"When I first realised there was nowhere in a horses foot you could safely drive in a nail, I did not believe my own findings, so I went back and researched it all over again - and of course, got the same results. You can imagine, as a trained engineer, I could not ignore facts."
That was 1987 in Saudi Arabia. My job was to supervise the hoof care and shoeing of all the horses in the Royal Stud, situated 70 kilometers outside Riyadh and later in Al Kobhar. As part of my research into hoof problems in horses, myself and the vet in the King's employment, removed the feet from any horses that were put to sleep (PTS) as a result of hoof problems. Our results showed that many of the hoof problems were at worst caused by, and at best exacerbated by, shoeing and nailing.
A radiographer by profession, Jeanette brings yet another technical perspective to EPI.
Jeannette has been working alongside Dermot rehabilitating horses with laminitis and navicular complications for twelve years. She enables x-ray assessment when appropriate for specific cases and routinely assists Dermot with the more specialised procedures including urethane resin sole reinforcement.
Article about Dermot in Nagtrader UK (.pdf)
ARTICLES BY AND ABOUT DERMOT
My work took on new vigour one day when in a town called Hoffuf (no pun intended), a tribe of Bedouins came to pick up supplies on their way east. None of their horses were shod. With the help of Abdullah (my right-arm man) we talked to the tribesmen who were happy to explain that the horses were ‘ahumdulilah’ (very happy) without shoes. The only lameness they knew of was strains and sprains. I looked at many feet that day; they were like blocks of wood, hard and rounded. The most noticeable thing was that the sole and hoof wall were all as one. Everything was rounded, tough and smooth, no straight lines or flat surfaces anywhere. In fact there was nowhere flat to put a shoe and no flare to nail to. Shoeing would have been impossible.
I went back to work with a new mindset. Every horse diagnosed with laminitis, navicular syndrome or any other hoof related problem was de-shod and trimmed like the desert horses. All returned to soundness in a short time, remained unshod and more importantly, remained sound. Unfortunately I was not permitted to de-shoe sound horses, even though it became obvious that this was the way to go (change happens slowly).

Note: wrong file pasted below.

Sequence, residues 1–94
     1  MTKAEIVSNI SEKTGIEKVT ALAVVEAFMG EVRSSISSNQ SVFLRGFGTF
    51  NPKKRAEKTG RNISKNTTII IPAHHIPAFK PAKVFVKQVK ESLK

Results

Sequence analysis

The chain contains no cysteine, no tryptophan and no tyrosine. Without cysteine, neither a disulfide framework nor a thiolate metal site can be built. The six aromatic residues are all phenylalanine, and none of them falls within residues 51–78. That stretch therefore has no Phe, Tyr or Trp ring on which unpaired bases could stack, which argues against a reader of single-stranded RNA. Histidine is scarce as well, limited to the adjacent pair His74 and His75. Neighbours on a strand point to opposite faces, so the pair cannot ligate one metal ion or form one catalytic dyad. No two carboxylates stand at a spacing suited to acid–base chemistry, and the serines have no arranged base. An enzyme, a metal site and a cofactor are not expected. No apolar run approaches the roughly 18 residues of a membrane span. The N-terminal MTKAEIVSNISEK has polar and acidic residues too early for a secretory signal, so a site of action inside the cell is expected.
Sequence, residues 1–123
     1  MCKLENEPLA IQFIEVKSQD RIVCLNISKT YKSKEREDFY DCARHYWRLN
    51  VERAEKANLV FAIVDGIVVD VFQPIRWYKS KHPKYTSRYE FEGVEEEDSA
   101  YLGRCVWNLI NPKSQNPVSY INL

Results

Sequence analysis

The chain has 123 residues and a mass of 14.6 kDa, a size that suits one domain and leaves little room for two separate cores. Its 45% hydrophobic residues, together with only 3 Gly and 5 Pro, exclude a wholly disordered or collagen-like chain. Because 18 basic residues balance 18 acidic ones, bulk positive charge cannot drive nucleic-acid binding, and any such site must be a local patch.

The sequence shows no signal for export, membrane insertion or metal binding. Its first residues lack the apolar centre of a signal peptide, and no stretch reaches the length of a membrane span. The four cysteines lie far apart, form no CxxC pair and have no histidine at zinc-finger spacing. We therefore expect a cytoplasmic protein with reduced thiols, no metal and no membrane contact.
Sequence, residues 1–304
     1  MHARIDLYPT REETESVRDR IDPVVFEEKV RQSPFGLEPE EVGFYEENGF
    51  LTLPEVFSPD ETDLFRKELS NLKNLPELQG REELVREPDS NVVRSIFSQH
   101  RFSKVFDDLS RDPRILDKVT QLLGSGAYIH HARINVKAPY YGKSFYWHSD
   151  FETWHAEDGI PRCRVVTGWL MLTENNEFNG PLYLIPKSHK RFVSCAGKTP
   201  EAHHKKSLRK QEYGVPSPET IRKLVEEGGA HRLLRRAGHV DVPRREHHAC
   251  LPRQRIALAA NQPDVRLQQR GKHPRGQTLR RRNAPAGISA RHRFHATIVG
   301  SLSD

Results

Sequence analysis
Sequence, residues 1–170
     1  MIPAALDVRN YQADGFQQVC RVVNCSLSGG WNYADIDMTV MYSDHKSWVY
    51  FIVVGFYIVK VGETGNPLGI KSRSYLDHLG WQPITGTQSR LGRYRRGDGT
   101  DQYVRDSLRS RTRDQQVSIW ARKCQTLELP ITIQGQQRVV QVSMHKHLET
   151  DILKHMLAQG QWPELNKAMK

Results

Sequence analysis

Back home in the UK I continued to practice my work with laminitic and navicular horses with great success. As a result of what I have learned I could never again be a party to nailing a shoe on a horse. There is nowhere on a horse's hoof that you can safely drive a nail and be sure you are not hitting the pedal bone edge or piercing the sensitive laminae. In other words the nailing of shoes onto a horse is unnecessary, cruel and medieval - and must be seen as such.
The question now is "why do we do it?" And the popular answers are ‘well we have always shod our horses’, ‘to protect the horses feet’, ‘to hold the horses feet together’, ’we need the grip’, ’the feet would wear away’ etc. In answer to these statements, "We used to do lots of things, that we don’t do any more, as they were harmful and barbaric; we must progress and move forward".
I now know that all this information is available. It is well known that shoeing is harmful. There is proof that an unshod horse will perform better, behave better and live longer than if shod. So why do people who love their horses continue to nail shoes onto their feet?
The current barefoot movement is correct in its teaching - unfortunately others with a shoeing agenda refuse to acknowledge the facts. I believe that instead of resenting these new people and criticising their work, farriers and vets should study the subject and consider it an option - not a threat. The people who meet the most horses are vets and farriers; they are the people who should be at the forefront of this new thinking. As the custodians of animal welfare it is their duty to do what they know to be best practice.
The majority of my veterinary advice comes from DR TOM TESKEY DVM USA, whose groundbreaking assessment of modern hoof care is a must read for those interested, see it here - 'The Unfettered Foot'